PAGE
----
From the Natural Man to the Political Machine: Sovereignty and Power in the Works of Thomas Hobbes by Gabriela RatuleaFrom the Natural Man to the Political Machine: Sovereignty and Power in the Works of Thomas Hobbes by Gabriela Ratulea

From the Natural Man to the Political Machine: Sovereignty and Power in the Works of Thomas Hobbes

byGabriela Ratulea

Hardcover | July 9, 2015

Pricing and Purchase Info

$39.41 online 
$55.85 list price save 29%
Earn 197 plum® points

Prices and offers may vary in store

Quantity:

Ships within 1-3 weeks

Ships free on orders over $25

Not available in stores

about

It is unusual to connect Thomas Hobbes’s political philosophy with liberal thought. This study argues that liberal philosophy is indeed indebted to Hobbes: as a modern thinker he was the first to deduce political rights and obligations from self-interest. While we may say today that Hobbes sustains the capacity of government at the expense of democratic institutions, it is equally clear that he invented the idea of political legitimacy in the modern sense. Analyzing the tradition of natural law, the doctrine of social contract, and the sources of moral and political obligation, the study shows how Hobbes’ assumptions help us to understand that there is no liberty without political authority.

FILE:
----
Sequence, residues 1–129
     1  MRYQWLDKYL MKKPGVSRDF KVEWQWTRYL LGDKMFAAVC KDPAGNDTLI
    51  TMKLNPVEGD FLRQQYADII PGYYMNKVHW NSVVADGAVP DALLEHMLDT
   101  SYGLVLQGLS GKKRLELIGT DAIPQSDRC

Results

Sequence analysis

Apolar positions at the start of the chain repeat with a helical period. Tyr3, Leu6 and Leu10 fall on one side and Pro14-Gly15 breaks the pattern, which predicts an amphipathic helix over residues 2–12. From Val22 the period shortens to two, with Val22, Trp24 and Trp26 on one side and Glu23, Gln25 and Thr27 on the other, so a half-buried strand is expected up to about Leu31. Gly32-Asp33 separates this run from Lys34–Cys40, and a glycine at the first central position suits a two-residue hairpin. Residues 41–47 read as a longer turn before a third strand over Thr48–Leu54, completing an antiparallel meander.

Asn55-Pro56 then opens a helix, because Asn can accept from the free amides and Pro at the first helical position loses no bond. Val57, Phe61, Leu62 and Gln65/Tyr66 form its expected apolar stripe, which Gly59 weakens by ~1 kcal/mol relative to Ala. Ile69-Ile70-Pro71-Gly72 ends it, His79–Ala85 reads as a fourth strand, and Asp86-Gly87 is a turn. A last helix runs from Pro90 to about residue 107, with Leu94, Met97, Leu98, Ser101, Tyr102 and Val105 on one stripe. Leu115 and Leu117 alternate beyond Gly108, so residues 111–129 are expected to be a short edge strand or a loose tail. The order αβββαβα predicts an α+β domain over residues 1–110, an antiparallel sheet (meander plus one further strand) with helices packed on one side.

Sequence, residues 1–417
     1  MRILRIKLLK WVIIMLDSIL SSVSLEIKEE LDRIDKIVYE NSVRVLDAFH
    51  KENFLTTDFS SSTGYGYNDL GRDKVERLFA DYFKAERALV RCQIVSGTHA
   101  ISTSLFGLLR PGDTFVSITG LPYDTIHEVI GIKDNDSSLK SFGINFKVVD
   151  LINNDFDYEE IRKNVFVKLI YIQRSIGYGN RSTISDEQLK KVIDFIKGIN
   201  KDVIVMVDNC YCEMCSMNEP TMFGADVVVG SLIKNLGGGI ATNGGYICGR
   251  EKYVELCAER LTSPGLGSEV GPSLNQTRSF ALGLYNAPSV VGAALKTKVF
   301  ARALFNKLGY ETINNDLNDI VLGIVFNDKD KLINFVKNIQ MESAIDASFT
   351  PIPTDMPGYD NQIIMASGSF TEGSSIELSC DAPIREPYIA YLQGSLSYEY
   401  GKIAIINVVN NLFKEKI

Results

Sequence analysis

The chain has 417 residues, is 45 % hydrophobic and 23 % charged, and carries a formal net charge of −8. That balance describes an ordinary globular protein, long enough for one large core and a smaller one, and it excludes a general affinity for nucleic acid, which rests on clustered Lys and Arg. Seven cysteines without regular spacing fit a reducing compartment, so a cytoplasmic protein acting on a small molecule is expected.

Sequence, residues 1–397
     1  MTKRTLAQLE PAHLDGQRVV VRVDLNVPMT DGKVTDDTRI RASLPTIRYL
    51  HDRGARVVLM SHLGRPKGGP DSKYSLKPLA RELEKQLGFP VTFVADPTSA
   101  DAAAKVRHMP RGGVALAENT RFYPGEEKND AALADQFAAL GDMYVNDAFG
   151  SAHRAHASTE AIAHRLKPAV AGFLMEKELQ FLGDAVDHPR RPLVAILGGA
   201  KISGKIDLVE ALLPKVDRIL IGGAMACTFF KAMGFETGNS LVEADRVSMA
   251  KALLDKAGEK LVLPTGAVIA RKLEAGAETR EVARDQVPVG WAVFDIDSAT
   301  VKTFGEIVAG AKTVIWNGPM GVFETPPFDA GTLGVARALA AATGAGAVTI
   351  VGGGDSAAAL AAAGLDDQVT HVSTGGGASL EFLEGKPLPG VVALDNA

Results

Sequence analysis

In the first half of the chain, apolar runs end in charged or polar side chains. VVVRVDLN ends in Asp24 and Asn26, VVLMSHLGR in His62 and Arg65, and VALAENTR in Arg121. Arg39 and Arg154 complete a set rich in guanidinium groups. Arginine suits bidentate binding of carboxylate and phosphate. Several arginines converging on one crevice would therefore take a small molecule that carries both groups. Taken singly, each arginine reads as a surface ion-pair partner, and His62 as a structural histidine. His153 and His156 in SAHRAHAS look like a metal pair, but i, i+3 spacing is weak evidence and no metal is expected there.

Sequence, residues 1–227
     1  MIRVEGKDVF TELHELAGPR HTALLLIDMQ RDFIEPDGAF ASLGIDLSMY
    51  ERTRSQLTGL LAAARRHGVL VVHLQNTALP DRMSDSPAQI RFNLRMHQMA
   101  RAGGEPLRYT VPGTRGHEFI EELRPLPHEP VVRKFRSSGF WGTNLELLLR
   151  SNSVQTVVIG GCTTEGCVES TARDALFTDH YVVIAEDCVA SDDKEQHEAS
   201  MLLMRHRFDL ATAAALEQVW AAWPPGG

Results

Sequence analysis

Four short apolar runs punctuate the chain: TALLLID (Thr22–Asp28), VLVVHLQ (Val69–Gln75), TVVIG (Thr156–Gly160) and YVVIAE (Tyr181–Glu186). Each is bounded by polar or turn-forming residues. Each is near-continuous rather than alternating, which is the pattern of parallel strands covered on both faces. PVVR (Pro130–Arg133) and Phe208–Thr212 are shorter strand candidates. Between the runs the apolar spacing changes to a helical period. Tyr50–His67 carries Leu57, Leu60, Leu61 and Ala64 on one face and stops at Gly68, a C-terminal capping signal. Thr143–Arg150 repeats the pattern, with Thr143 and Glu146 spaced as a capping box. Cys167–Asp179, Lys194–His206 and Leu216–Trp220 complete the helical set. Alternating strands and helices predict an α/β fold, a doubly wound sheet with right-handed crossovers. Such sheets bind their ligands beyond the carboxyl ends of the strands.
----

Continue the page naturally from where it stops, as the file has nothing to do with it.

Gabriela Ratulea is Associate Professor at the Department of Social Sciences and Communication, Transilvania University of Brasov (Romania). Her main research interests are political philosophy and social justice.
Loading
Title:From the Natural Man to the Political Machine: Sovereignty and Power in the Works of Thomas HobbesFormat:HardcoverDimensions:8.27 × 5.83 × 0.98 inPublished:July 9, 2015Publisher:Peter Lang GmbH, Internationaler Verlag der WissenschaftenLanguage:English

The following ISBNs are associated with this title:

ISBN - 10:3631665504

ISBN - 13:9783631665503

Look for similar items by category:

Reviews

Table of Contents

Contents: Natural law and natural right – Natural condition of mankind – State of nature and sovereignty – Thomas Hobbes’s doctrine of social contract – Hobbes’s theory of moral and political obligation – Natural laws as moral precepts – Liberal interpretation of Hobbes – Modern individualism.